Lacey Martez Byrd
“Someone I loved once gave me a box of darkness. It took me years to understand that this, too, was a gift.” —Mary Oliver
When I was a little girl, I would sit in my backyard and peel the petals off wildflowers one-by-one.
He loves me.
He loves me not.
Even as a child, I realized how dumb it was. Love doesn’t happen like that.
Surely it didn’t.
But it might… It might actually happen that way. It could very well be that dumb.
You might love someone one day and fully believe that they love you back with just as much intensity.
But the next day you find out that that’s not always how it works.
He loved me.
Until he didn’t.
It really was just that simple. And yet somehow, so unbelievably complicated.
Just as my world was crumbling around me and I was free-falling into God knows what, someone reached out and caught me.
And right or wrong, I clung to him.
“He can go to hell—I need more alimony than that.”
“Screw her. She’s only saying that because she wants to take my kids from me.”
I had pretty much heard it all in my little piece of Atlanta real-estate-turned-law office.
And honestly, those were the tamer ones.
Sometimes being a divorce attorney was downright depressing, other times it just served as a reminder as to why I never wanted to get married.
8:50 a.m. rolled around, and Macy’s voice came through my speaker.
“Mr. Scott, your client has arrived. Want me to send her in?” she asked.
“That’s fine,” I replied and released the button.
My door creaked open, which reminded me I needed to spray the hinges again.
This building had been over a hundred years old when I bought it. I couldn’t resist its charm when I was looking for somewhere to set down roots for my practice.
I looked up and met a pair of puffy, red-rimmed blue eyes. Emotion wasn’t uncommon in my office. Many people sat in the seat across from mine and either let it flow freely or held it back altogether.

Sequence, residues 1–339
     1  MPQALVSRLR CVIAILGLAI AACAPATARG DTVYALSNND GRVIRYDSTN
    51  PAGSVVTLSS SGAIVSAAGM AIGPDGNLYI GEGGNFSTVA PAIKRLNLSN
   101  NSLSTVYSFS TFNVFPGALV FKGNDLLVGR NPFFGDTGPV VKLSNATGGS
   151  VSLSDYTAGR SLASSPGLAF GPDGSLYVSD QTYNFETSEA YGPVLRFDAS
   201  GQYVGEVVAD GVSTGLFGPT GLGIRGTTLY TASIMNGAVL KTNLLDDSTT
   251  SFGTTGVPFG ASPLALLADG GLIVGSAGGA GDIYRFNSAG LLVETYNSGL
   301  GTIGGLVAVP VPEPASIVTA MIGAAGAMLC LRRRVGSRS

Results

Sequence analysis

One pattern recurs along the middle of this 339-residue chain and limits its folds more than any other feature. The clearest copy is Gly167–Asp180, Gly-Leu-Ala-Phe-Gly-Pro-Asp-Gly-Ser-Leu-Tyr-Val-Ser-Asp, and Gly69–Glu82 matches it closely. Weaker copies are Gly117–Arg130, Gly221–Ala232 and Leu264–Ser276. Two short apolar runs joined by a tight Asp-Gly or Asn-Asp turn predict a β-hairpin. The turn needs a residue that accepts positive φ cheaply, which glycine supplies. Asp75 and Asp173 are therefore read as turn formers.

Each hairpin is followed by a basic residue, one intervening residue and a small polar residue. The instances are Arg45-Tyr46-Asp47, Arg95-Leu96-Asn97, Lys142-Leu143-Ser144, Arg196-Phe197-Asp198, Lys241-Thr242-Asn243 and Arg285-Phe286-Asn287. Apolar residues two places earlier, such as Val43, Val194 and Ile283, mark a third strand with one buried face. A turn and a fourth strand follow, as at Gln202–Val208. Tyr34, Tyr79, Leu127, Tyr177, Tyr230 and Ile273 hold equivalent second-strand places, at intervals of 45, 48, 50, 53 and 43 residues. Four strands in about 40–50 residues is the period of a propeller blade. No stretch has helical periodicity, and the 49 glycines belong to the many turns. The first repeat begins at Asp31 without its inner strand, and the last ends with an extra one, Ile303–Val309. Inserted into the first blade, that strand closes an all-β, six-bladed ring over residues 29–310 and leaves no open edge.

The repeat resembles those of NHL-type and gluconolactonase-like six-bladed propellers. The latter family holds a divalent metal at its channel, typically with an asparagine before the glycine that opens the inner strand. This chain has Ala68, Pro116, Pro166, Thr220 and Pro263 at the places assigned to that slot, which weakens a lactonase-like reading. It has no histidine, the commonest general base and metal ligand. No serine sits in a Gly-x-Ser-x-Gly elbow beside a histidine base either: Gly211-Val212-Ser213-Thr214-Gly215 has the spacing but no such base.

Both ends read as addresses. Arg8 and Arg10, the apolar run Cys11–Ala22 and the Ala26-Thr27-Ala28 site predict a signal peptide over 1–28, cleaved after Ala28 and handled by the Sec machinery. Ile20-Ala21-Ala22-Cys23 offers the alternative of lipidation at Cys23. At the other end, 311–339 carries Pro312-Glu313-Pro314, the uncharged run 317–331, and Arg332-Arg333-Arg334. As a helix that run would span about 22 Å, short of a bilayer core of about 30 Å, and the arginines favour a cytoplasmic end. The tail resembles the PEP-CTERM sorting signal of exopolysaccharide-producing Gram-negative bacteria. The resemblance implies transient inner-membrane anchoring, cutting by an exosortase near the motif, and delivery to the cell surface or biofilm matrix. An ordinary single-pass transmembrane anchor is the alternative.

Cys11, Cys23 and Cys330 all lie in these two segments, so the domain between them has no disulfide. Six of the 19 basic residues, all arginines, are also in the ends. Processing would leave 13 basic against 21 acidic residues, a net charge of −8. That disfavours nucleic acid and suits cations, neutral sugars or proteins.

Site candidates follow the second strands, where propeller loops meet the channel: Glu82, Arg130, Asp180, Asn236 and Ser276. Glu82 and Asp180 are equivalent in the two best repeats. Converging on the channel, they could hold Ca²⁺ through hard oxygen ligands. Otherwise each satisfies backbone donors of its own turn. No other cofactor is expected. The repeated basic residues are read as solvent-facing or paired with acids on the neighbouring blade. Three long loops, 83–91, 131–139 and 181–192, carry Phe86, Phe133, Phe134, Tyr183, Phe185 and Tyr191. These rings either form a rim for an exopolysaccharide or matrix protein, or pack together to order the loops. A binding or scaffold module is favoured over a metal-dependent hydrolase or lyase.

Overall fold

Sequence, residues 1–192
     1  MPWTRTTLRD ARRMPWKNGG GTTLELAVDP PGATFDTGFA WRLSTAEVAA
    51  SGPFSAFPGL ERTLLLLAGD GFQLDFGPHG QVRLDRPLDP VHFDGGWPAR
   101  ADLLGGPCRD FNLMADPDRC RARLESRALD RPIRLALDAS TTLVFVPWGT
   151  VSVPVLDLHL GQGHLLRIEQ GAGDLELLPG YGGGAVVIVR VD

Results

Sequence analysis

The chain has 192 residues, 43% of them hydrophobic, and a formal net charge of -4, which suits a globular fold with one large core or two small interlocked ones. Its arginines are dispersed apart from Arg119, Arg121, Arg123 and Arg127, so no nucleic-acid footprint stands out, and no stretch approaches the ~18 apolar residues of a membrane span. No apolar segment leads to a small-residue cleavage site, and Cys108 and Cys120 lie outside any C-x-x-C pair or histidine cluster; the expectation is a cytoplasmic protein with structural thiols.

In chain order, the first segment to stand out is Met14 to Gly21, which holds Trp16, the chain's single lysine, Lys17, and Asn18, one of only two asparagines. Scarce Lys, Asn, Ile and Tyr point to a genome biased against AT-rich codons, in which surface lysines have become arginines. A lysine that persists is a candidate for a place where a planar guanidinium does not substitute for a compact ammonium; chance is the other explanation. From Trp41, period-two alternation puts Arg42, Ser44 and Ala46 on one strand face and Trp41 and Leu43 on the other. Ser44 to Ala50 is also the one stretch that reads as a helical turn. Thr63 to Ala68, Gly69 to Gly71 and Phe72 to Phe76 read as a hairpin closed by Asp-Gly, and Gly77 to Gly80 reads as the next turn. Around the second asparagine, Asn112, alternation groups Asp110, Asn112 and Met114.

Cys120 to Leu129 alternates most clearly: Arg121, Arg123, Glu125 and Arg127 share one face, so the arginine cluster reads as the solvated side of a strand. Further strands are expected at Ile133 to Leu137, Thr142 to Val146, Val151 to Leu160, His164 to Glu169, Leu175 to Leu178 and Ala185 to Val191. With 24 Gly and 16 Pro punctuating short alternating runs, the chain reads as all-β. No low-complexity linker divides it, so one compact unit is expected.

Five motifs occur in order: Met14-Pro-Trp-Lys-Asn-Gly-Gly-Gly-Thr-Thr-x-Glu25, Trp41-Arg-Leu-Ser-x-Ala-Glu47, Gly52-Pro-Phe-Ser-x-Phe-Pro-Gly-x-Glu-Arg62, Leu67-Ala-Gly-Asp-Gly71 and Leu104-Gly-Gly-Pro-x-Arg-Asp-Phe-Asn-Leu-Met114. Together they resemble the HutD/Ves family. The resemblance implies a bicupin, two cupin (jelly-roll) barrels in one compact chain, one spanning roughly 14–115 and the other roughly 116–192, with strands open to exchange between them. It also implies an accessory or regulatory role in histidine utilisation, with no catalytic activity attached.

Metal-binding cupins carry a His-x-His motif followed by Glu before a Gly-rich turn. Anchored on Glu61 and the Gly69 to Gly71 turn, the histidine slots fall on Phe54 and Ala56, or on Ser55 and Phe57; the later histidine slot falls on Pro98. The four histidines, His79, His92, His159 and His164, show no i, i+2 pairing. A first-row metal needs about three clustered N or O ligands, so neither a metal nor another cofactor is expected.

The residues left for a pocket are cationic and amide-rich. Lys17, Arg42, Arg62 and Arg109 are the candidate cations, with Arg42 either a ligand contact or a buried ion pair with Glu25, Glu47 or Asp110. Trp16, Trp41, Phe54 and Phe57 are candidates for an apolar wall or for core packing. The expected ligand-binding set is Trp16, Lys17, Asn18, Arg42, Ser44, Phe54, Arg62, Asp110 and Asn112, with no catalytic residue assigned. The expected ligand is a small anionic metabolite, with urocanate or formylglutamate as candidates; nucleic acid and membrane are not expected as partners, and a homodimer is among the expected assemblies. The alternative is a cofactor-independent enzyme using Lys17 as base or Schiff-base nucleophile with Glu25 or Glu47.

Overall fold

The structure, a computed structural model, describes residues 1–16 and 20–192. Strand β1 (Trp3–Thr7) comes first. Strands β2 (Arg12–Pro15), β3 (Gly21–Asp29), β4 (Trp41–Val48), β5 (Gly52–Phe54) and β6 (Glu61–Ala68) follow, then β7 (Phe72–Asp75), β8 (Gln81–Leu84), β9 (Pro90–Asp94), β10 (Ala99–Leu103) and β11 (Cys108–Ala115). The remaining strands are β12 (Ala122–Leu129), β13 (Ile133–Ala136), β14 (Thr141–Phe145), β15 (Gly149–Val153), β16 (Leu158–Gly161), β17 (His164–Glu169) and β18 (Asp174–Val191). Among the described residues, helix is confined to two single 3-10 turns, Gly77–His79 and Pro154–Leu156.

Whether it was anger or sadness, it was always there.
But I wasn’t prepared for what I saw in her. This woman looked downright broken. The most beautiful version of it, but broken all the same.
She wore a yellow sundress that hit just above her knees. I wondered if she had picked the color so people would presume she was happy, when inside she was obviously anything but.
“Mr. Scott?” She tilted her head, probably wondering why I was just standing there.
Thanks to the barely two hours of sleep I got at night, I sometimes wasn’t sure how I functioned at all.
I cleared my throat. “Yes. And you’re Mrs. Miller, correct?”
She looked down, and I knew immediately it was the name. Her soon-to-be ex-husband’s name made her uncomfortable.
“Yes, but please, call me Ada.”
“Of course. Have a seat, Ada,” I told her as I gestured toward the chair in front of my desk.
“Obviously, the consideration of divorce is why you’re here. But what has driven you to that decision?”
I’d asked this question so many times, I should just get it tattooed across my forehead.
Ada took a deep breath.
“He doesn’t want to be with me anymore,” she said, her voice quivering.
“Do you know why?”
“He um… He wants to be with someone else, I think.” She chewed her bottom lip and picked at her fingernails. Her nerves were getting the best of her.
But still, I knew what she was getting at.
“And do you have proof of that?”
I could tell she did. She had the face of a woman who had seen betrayal with her own eyes.
She nodded. “Pictures. And messages.”
I wrote the information down.
“Do you have any specific questions before we go any further?”
“No, you came highly recommended. I just want to get this whole thing over with, honestly.”
“Okay, sounds good. Do the two of you have any children together?”
I watched as her chin quivered. She lowered her head so I wouldn’t see, but it was too late.
She shook her head. “No. No babies.”
“I know this is hard now, but that actually makes this whole process a lot easier and quicker. Next is the division of assets.”
“I don’t want anything.” Her voice was suddenly certain, almost loud.
“You’re entitled to your part—” I began, but she cut me off.
“Look. All that’s fine. The legality of it is understood. But I’m not going to fight him for anything. Whatever the bare minimum is of all this, I’ll take it and be fine.
“He comes from money, and I know he’s scared that I’m going to try and take him for all he’s worth. But where would that get me, really? I know for a fact that it wouldn’t make me happy.
“It probably should, but it wouldn’t. No alimony, either… So just do whatever the minimum is, but not an inch more.”